Wednesday November 27, 2019
One of the most famous stories about the 1952 London Motor Show is that the new Healey 100 was parked behind a post as Donald Healey was so dubious about the appearance of the radiator grille.
He need not have worried, as it caused a sensation, with blazer-wearing enthusiasts raving about the Gerry Coker-styled coachwork and the prospect of motoring at over 100 mph.
Leonard Lord, the Chairman of Austin, was so taken with the light blue sports car that he met with Healey and by the following day, the 100 bore a new name - “Austin-Healey”.
Donald Healey envisaged his latest sports car as filling a niche between the MG TD and the Jaguar XK140, especially in the USA.
In 1951 he commenced negotiations with Longbridge as the production of the Riley motor, previously favoured by the Healey Motor Company, was shortly due to cease. The result was the 100 employed the 2,660cc four-cylinder engine from the Austin A90 Atlantic.
The debut of the Healey caused a genuine surprise to many show-goers, and Motor Sport noted: New too is the Healey Hundred, another very compact sports car, with an Austin A90 engine and Laycock de Normanville overdrive.
It was not altogether a secret to us, because a Dutch motor-paper had the story some weeks before the Show opened, but the official catalogue has nothing about it.
Indeed, there were only two 100s in existence at that time; one at the London Show and one undertaking a speed test at Jabbeke. Meanwhile, The Motor regarded the Austin-Healey as ‘one of the most attractive cars exhibited at Earls Court’.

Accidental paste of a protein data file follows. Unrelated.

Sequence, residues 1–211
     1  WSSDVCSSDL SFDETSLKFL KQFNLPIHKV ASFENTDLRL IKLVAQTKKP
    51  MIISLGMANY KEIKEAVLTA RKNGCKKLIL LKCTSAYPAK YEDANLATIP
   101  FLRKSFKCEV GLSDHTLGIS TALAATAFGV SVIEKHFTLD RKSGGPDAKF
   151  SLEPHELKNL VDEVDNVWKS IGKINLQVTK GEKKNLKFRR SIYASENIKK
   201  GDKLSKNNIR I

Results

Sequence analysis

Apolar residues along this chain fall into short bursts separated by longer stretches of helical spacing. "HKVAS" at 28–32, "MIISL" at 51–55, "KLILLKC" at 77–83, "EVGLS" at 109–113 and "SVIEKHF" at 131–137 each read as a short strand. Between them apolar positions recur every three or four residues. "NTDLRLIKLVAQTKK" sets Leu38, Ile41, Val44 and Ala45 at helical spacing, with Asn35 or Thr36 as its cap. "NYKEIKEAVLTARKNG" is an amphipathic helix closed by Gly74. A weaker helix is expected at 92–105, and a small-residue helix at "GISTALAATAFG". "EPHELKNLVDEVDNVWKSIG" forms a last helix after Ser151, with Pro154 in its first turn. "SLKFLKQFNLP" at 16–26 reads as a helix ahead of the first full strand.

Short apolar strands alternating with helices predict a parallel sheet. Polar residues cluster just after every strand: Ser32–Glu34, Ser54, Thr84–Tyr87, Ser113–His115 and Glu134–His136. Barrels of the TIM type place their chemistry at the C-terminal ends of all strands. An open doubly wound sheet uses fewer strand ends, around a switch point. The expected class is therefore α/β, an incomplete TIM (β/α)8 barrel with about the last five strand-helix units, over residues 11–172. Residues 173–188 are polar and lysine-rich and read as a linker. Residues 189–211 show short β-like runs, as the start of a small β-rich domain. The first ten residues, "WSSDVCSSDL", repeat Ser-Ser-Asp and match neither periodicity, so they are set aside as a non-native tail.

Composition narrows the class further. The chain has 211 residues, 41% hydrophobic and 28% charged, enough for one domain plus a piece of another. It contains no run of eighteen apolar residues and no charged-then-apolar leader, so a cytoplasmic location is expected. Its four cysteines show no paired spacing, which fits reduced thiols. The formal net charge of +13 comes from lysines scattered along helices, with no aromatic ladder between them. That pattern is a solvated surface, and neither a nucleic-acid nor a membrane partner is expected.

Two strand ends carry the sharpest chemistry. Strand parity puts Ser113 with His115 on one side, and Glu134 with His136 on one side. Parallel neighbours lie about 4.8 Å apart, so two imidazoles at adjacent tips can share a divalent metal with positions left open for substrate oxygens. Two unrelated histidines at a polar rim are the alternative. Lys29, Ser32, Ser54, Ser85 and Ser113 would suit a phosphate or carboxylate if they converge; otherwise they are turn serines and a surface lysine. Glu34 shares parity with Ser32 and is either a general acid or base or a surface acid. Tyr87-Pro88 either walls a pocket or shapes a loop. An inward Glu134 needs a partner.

Early plans were to make 20 cars per week, but with Austin’s involvement this rose to a projected 100 – 120 units. Construction of the bodywork was subcontracted to Jensen and a small number of demonstrator models, all LHD, were built at the Healey factory in Warwick before full production commenced in mid-1953.
A new Austin-Healey 100 “BN1” cost £1,063, and John Bolster of Autosport thought the 100 ‘shatters all previous concepts of value for money in this field.
Across the Atlantic, the 100 was declared “International Car of The Show” at the 1953 New York Motor Show, and in September of that year, Donald Healey entered them in the International Record Trials at Bonneville Salt Flats. His son Geoffrey wrote in his memoirs The Healey Story how:
Two production “100” vehicles had been selected at random from dealer’s showrooms in California by officials of the American Automobile Association who kept them under tight control on the 1000 mile drive to Wendover, Utah, just outside of Bonneville.
Two servicemen drove the cars all the way with the AAA officials beside them. We were allowed to select one of these cars for the attack on the American National Stockcar Records, but they only allowed us to work on the car under the eagle eyes of the AAA observers. Only factory listed parts and spares could be used.
Healey Snr averaged 104 miles per hour for 30 hours in a “stock” 100, and subsequent advertainments made justifiable references to ‘the world’s fastest production car’.
By the time the BN2 succeeded the BN1 in late 1955, the Austin-Healey marque was known around the world.
The launch of the 100 could not have been better timed. In the UK post-war restrictions and waiting lists for new cars were starting to relax while Lord craved sales in North America.
The A90 Atlantic had never quite appealed to affluent motorists in Connecticut and New Hampshire but an Austin-Healey was perfect for the up-and-coming corporate lawyer.
In short – the right car for the right market the right time.
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